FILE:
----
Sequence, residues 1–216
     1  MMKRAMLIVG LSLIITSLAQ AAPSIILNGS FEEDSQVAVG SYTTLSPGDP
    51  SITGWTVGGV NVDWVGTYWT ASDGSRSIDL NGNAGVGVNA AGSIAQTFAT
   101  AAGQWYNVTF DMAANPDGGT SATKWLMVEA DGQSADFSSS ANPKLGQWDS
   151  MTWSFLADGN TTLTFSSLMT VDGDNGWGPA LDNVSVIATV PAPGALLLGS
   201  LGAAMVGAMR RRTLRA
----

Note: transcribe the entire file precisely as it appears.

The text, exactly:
Sequence, residues 1–216
     1  MMKRAMLIVG LSLIITSLAQ AAPSIILNGS FEEDSQVAVG SYTTLSPGDP
    51  SITGWTVGGV NVDWVGTYWT ASDGSRSIDL NGNAGVGVNA AGSIAQTFAT
   101  AAGQWYNVTF DMAANPDGGT SATKWLMVEA DGQSADFSSS ANPKLGQWDS
   151  MTWSFLADGN TTLTFSSLMT VDGDNGWGPA LDNVSVIATV PAPGALLLGS
   201  LGAAMVGAMR RRTLRA